On November 21, 2011, President Obama signed into law the Vow to Hire Heroes Act of 2011. This legislation was a massive victory for Veterans, and was unanimously passed in the House and the Senate. The law provides tax incentives for employers who hire veterans, as well as transition assistance and employment development programs for current and former service members. Press coverage of the historic event was massive; major media outlets reported on the event, and veterans’ advocacy groups produced celebratory press releases.
The timing of the legislation could not have come at a better time, with thousands of troops returning home from Iraq and Afghanistan, thousands more leaving active duty over the next several years, and an unstable job market; effective transition and career services are an imperative step to gainful employment of veterans. Unemployment amongst California veterans is an issue worth mentioning; the Iraq and Afghanistan Veterans of America report that the state has a 20% unemployment rate for veterans, the second worst rate in the nation. Southern California is specifically impacted; Los Angeles and San Diego have the 2nd and 3rd largest communities of veterans in the United States, respectively.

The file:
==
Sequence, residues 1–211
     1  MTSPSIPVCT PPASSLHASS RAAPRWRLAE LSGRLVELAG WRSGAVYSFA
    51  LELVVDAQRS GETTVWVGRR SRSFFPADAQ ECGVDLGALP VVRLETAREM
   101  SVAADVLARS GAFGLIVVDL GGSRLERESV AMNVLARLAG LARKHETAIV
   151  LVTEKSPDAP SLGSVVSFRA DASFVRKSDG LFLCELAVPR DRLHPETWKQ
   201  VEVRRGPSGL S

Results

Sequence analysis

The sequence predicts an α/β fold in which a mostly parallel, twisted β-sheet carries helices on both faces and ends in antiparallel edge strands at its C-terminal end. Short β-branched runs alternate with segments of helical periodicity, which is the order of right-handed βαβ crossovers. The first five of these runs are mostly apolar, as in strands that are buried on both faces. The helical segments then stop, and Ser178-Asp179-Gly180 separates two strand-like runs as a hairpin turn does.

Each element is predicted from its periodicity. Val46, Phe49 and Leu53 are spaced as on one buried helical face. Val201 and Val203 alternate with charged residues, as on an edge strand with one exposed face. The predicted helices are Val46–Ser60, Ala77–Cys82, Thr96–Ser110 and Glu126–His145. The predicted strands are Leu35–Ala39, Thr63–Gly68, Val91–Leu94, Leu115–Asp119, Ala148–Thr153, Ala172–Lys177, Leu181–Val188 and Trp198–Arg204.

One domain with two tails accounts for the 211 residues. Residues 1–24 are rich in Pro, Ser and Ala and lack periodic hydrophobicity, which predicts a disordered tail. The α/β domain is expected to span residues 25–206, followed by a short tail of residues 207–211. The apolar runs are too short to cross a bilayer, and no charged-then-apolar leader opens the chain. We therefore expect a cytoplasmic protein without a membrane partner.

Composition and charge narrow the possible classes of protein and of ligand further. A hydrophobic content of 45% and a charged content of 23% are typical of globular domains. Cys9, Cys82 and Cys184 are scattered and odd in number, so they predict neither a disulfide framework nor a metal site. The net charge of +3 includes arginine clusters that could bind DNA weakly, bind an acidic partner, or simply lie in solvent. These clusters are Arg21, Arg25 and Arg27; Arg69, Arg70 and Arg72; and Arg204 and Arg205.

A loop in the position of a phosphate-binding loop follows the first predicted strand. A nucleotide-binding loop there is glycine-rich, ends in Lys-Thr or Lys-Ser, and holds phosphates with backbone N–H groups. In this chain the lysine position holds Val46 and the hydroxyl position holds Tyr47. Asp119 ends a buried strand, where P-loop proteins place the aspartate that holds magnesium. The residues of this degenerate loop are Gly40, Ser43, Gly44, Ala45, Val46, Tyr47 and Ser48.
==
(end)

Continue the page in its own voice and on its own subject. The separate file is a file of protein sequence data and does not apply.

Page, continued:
The new law included a phased implementation of its various programs. The initial focus of the program roll-out was on younger veterans preparing to leave the military and those who had served in recent conflicts. The Veterans Retraining Assistance Program (VRAP) shifted this focus to older veterans, between the ages of 35 and 60, who are unemployed, do not qualify for any other VA educational benefits, and wish to participate in job retraining. The 1.6 billion dollar program provides a monthly living stipend of $1473(maximum) for 12 months to eligible veterans while they learn skills in “high demand occupations” at a technical or community college.
The program application was released in the Veterans Affairs ebenefits portal on May 1 and operates on a first-come, first-served basis. If veterans do not qualify for VRAP, they are connected with a Benefits Coordinator who will help to identify programs for which they do qualify. A May 31 VA press release touted the benefits of the program and expressed the need to disseminate information to eligible individuals. The agency encouraged a “sustained effort to reach potential VRAP applicants.” Despite this statement, the VA has not launched a paid advertising campaign, nor have any Southern California media outlets covered the roll-out of VRAP. This lack of outreach is an unfortunate misstep in program implementation, particularly in San Diego which is home to an estimated 238,985 veterans.
The first round of 55,000 VRAP disbursements begins on July 1, and in October another 54,000 will become available. Media outreach should not be limited to press releases published on the VA website. It is imperative that local media outlets provide wide-spread coverage of a program that could be immediately and highly impactful for our region’s veterans.
Veterans interested in VRAP can visit: http://www.benefits.va.gov/vow/